Wood or metal? The debate about what to make planes out of has been around for over a couple of centuries. Like the Romans, my response is–both. I admit, however, that my favorites are these German wooden planes.
The first and the last are the best, so I will start at the bottom and work my way north. The block plane is an ECE plane, which has a fantastically good adjustment mechanism. The Lignum Vitae sole is not too shabby, either.
To the left and up may look like a smoothing plane, but it is actually a scrub plane. As I use mostly split or rough sawn wood, this plane is a necessity. I have used it more than all the rest combined. Ulmia brand.
The well used, well loved plane next to it is an Ulmia smoothing plane. It is the same length as the scrub plane, but is considerably wider. The order of use would be scrub-joiner-smoother.
The next to last row has specialty planes. The first is a very fine Ulmia rabbet plane. It doesn’t have a depth gauge, but the quality of the joints it cuts more than makes up for that. It also has an adjustable throat for finer work. Purchased at an antiques store for $10.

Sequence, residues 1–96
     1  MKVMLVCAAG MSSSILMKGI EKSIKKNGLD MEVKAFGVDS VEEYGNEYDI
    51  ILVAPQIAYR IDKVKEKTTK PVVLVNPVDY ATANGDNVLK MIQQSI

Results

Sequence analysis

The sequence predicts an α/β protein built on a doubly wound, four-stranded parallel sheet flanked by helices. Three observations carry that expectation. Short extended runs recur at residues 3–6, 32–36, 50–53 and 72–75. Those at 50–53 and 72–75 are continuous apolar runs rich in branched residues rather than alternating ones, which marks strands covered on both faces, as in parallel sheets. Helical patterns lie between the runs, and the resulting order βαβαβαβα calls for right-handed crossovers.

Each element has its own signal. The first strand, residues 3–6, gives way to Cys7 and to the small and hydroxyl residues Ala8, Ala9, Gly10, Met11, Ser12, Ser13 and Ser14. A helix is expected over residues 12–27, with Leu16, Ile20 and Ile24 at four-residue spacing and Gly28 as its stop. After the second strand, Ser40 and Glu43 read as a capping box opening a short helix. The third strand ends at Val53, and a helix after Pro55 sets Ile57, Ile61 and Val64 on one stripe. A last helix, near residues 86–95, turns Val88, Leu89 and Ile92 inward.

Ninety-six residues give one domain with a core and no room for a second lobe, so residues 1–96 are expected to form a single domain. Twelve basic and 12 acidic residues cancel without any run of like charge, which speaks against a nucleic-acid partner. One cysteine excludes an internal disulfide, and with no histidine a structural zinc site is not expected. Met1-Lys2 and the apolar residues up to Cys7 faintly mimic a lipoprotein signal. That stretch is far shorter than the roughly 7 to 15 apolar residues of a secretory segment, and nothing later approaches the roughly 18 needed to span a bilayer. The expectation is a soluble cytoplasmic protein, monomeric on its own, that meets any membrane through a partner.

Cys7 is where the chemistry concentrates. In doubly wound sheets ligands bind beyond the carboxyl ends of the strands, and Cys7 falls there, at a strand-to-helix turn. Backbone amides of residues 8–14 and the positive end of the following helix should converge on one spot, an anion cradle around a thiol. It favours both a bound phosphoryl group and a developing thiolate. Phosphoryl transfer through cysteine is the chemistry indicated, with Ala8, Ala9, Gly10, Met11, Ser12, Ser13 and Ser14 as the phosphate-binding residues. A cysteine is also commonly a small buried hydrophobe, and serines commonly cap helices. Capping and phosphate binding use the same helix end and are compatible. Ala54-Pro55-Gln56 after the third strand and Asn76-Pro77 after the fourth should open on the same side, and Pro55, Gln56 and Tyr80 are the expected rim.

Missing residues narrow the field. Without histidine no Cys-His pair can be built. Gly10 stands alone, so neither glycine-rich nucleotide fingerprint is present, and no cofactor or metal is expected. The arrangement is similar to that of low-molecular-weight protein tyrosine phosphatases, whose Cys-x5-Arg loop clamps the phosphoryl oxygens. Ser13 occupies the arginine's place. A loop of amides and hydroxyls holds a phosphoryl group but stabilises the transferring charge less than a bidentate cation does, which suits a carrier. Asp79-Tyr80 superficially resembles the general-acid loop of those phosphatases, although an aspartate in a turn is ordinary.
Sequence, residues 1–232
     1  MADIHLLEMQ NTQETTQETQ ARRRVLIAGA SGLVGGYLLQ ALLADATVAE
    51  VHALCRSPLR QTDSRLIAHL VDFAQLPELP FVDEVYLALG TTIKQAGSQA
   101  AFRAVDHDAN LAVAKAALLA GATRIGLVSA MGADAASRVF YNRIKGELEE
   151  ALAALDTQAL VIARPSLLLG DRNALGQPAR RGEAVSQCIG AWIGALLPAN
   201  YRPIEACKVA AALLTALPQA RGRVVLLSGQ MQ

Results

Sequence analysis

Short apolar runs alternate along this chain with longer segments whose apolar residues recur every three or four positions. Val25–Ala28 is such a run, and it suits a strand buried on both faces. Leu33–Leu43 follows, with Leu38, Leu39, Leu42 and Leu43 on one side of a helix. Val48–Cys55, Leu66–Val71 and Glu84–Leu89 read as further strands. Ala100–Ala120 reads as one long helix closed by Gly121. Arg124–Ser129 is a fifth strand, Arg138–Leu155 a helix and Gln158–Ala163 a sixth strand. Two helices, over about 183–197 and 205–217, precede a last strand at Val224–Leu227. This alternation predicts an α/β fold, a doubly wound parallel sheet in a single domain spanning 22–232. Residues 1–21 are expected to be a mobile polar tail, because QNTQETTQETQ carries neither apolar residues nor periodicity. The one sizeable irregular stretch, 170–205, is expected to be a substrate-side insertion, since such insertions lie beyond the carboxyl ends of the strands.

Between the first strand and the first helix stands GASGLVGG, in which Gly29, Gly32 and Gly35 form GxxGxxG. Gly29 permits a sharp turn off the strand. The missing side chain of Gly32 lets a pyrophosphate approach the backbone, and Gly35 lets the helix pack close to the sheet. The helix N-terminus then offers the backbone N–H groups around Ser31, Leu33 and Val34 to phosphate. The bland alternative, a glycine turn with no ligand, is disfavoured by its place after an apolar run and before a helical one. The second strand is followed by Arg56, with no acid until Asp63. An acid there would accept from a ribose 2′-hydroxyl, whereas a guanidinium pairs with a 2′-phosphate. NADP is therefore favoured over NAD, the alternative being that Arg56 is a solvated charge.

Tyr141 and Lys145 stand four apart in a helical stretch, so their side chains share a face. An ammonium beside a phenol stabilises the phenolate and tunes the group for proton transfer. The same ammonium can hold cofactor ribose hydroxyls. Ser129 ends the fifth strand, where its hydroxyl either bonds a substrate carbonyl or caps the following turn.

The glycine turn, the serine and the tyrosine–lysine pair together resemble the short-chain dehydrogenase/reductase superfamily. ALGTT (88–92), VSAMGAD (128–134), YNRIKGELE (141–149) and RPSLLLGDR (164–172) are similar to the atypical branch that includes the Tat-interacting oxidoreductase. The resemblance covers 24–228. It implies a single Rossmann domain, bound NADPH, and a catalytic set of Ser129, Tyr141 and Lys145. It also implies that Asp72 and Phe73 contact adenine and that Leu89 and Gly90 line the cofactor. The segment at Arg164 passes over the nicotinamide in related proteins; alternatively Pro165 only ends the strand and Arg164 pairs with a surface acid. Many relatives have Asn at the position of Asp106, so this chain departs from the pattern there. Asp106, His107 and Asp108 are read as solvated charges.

The match planes are ECE, and the grooving plane works fine. Something is wrong with the bevel angle on the tonguing plane, as it jams easily. I would fix that, but I have three other planes that will cut a tongue and groove joint.
The last plane on the top is the daddy of the bunch. That jointer is 24″ of solid beech, and built like an entire Panzer division. It will flatten anything, without also flattening you with its weight. Not something you want to meet in a dark alley.
I had ancestors in two different states in southern Germany. They should be thanked for bringing this kind of craftsmanship across the pond.